Every year, hospitals across the US discharge 35 million patients. For many of these people, discharge signals the end of their medical care—but it shouldn’t.
In fact, most (if not all) patients should be engaging in some type of follow-up care after a stint in the hospital. However, one in three adults does not visit a healthcare provider within the recommended 30 days.
It’s often hard to convince people—especially those who are otherwise healthy—to follow up with their primary care provider after a hospital discharge. But there are important reasons to do so:
Post-discharge care is even more critical for older patients or those who have pre-existing health conditions. Comorbidities increase risk for complications that lead to hospital readmission, which is costly in more ways than one. First of all, the financial impact is astronomical—an estimated $26 billion annually. Even worse, many patients pay the ultimate price. Research shows the risk of death doubles in people readmitted to the hospital within 30 days compared to those who stay out.
Stats like these underscore the importance of transitional care management (TCM)—comprehensive care provided to patients while they transition from one care setting, such as a hospital, to another care setting or home.
Yet TCM is woefully underused after most hospital discharges. Where it has gained traction, though, is among Medicare beneficiaries who are part of a value-based system, which aims to improve outcomes while reducing costs.
According to Kim Raineri, Divisional Vice President of Clinical Operations at Innovista Health, there are six key components to successful transitional care management:
Despite the clear benefits, medical practices face several challenges when it comes to providing timely transitional care management.
Unfortunately, hospitals don’t typically hand off patients to their personal physicians for continued care. At the same time, providers are stretched thin and don’t often have the bandwidth to check for hospital discharges or initiate timely transitional care.
This is where partnerships with value-based managed service organizations like Innovista Health can break down barriers and accelerate the adoption and utilization of TCM.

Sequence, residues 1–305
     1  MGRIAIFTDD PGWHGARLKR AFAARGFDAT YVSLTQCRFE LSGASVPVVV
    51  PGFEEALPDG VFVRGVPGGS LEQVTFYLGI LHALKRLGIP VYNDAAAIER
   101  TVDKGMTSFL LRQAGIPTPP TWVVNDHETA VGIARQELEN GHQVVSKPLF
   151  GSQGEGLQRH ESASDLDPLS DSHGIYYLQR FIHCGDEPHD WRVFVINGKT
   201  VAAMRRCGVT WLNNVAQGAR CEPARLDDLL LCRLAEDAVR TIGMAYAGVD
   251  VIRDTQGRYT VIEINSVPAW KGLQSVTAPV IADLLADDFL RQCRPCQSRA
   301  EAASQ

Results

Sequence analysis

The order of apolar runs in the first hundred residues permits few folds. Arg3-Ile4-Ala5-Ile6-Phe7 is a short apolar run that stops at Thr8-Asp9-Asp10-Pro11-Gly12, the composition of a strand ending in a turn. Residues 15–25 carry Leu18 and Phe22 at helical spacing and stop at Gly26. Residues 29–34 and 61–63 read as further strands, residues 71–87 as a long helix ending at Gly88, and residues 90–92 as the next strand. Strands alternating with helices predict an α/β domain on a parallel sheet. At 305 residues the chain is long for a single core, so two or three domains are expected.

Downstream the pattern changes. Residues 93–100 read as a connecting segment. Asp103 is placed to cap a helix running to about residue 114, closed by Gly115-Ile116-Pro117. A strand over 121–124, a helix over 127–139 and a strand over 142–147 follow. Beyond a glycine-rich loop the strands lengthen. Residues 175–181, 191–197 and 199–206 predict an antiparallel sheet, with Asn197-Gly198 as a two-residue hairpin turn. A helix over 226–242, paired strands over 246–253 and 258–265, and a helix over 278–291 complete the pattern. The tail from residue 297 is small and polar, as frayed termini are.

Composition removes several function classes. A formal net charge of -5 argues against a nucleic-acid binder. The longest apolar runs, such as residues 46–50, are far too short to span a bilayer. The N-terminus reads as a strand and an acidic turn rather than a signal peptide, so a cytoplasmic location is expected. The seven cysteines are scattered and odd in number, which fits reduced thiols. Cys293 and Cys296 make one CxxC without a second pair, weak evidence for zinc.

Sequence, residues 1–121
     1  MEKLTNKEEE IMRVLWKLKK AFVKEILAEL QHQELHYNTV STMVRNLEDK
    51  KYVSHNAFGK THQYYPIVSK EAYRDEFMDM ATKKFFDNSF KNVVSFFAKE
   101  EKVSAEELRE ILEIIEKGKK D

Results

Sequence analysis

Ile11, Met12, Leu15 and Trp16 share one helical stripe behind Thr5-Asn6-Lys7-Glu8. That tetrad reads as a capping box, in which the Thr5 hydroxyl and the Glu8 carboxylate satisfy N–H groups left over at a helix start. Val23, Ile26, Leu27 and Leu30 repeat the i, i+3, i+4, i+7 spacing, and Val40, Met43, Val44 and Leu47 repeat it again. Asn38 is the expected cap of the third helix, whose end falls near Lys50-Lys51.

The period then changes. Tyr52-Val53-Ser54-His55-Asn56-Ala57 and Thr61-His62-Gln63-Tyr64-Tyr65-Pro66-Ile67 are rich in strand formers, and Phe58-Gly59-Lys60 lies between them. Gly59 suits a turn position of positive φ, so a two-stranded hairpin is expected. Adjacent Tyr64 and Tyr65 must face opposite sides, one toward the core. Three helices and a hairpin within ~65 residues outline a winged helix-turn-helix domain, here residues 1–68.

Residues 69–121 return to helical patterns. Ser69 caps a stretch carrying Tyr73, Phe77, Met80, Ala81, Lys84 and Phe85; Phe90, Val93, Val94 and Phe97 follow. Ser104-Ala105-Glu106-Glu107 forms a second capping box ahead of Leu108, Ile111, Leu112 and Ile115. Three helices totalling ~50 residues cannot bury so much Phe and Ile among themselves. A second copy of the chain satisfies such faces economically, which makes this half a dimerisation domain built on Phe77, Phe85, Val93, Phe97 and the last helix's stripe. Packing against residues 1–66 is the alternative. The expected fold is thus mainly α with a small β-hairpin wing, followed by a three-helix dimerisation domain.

Innovista’s strength lies in its robust care management program, which includes comprehensive TCM that starts within 24-48 hours of hospital discharge.
“Another way we achieve high success through our transitional care management program is by embedding a case manager in one of our highest volume acute care facilities,” Raineri adds. “Bedside assessments are conducted to identify the patient’s needs, barriers, and most appropriate discharge plan. If needed, the case manager will facilitate referrals to ancillary support services such as palliative care, home health, or durable medical equipment.”
It’s estimated that the embedded case management program has prevented upwards of 100 readmissions over the past two years, contributing to significant cost savings for the organization.
For more complex cases, or for patients who have transportation or health-related barriers that prevent them from leaving home, some of Innovista’s accountable care organizations have partnered with home-based providers that will conduct the TCM visit in the patient’s house.
Everyone benefits from transitional care management. Providers not only enhance quality of care, they lower medical costs and improve their bottom line. Patients experience better outcomes by getting the care they need to fully heal post-discharge.
Innovista Health is committed to helping providers realize the potential of transitional care management and properly implement it in their practices.